I have to find a way to balance my very real need to feed my family and be true to the job that pays the bills with my love of the written word and the joy I get from interacting with my readers.
To that end, I'll be shutting down this website - it's one more thing to maintain that I just don't have the bandwidth for. I'd rather spend the energy writing, enjoying my family, or raising money for one of the many charities I adore.
You can still connect with me on Twitter, Facebook, Instagram, and sometimes Pinterest. I do plan to keep writing--once I sort out what's happening with my existing books. Thankfully, my latest release, Finding Broken Arrow, was already indie and will be unaffected by Booktrope's news.
I wish all of my Booktrope friends the very best in life. I hope the next stage of your journey is a good one. Thank you for five years of incredible memories!
In February, I did something I’d promised myself I’d never do again… I rejoined Corporate America. I left that world after Blake’s accident so I could walk with him down his road to recovery. It was an unexpected dream come true when I got a book deal shortly after. It didn’t take long for Booktrope to become a significant portion of my world—in addition to my books, my husband got a job with them, I worked as a freelance marketer for them, and I even accepted a position leading several of their imprints. For five years, my world has consisted of my children, my farm, my charities, my books, and helping others bring their books to the world. During this time, I’ve experienced some of my highest highs and my lowest lows, but in all, if I could have hand-carved my world, it would have looked a lot like those past five years.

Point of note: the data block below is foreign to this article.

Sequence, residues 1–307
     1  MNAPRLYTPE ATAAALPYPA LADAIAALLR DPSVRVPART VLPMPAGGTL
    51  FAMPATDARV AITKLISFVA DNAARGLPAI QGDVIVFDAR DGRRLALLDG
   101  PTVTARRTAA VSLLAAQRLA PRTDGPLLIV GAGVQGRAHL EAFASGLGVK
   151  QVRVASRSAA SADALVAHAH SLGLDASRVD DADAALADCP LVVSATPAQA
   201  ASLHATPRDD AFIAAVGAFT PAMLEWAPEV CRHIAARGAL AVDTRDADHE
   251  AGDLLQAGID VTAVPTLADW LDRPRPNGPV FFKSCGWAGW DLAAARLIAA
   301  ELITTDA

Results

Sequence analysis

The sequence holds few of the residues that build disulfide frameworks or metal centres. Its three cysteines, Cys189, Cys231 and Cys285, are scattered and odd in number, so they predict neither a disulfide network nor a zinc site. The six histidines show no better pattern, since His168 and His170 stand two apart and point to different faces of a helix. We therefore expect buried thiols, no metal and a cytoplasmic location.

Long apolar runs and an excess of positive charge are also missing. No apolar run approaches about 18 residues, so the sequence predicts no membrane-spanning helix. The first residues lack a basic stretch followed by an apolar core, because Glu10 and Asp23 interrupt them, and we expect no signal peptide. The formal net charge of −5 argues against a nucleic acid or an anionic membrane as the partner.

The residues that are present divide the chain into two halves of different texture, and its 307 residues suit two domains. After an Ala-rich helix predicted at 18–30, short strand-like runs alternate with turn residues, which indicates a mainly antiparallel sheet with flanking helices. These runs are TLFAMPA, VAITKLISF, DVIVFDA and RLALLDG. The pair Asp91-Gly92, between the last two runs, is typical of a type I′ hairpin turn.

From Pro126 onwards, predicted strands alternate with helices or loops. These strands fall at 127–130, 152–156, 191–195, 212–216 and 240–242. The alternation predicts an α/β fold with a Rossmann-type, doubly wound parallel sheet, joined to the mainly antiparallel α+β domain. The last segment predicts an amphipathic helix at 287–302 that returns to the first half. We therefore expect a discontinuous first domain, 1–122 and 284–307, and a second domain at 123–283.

So it surprised even me when I came to the conclusion that it was time to close that chapter of my life. For lots of reasons, and after a lot of prayer and thought, I came to realize that it was time to shift gears. So when I saw a job posting for a position at a good company that looked right up my alley, I applied. The interviews and subsequent job offer all happened so quickly that my head is still spinning. Just like that, I was back in a world I thought I’d never see again.
It was culture shock—I’d been working well over full-time from home, but it was still a major adjustment to switch to a full-time schedule and commute. The entire family is struggling to find our footing as roles shift and schedules change. In so many ways, my new gig is a dream job. It’s cool beyond belief. But it’s still away from my kiddos and animals, and it’s a whole new, and sometimes unsettling, world.
At first, I cried every day as I drove into work. Again—and I can’t stress this enough—it wasn’t because my job was bad, I was just mourning the loss of what I’d had. But with time, I’ve gotten my bearings at the new place and responsibilities with Vox Dei have ebbed and I find that in many ways, I have more time for my children now. Or rather, they have my undivided attention when it’s on them. It’s not entirely “work is work and home is home” because of the nature of the job, but the new job isn’t quite as all-consuming as Vox Dei had become. And the increase in pay means I have more expendable income to do things with and for my kiddos that I just wasn’t able to do before. It’s taken a month, but I’ve reduced my poor-me sessions down to Monday mornings and I’ve even made a few new friends along the way.